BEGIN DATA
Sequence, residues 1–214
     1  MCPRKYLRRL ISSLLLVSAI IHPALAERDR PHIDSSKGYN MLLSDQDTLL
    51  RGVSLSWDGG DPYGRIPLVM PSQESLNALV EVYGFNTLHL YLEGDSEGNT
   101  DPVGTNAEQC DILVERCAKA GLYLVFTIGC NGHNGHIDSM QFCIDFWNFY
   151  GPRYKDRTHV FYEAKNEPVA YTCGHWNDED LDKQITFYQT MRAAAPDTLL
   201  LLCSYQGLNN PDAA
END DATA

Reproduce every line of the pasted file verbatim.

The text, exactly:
Sequence, residues 1–214
     1  MCPRKYLRRL ISSLLLVSAI IHPALAERDR PHIDSSKGYN MLLSDQDTLL
    51  RGVSLSWDGG DPYGRIPLVM PSQESLNALV EVYGFNTLHL YLEGDSEGNT
   101  DPVGTNAEQC DILVERCAKA GLYLVFTIGC NGHNGHIDSM QFCIDFWNFY
   151  GPRYKDRTHV FYEAKNEPVA YTCGHWNDED LDKQITFYQT MRAAAPDTLL
   201  LLCSYQGLNN PDAA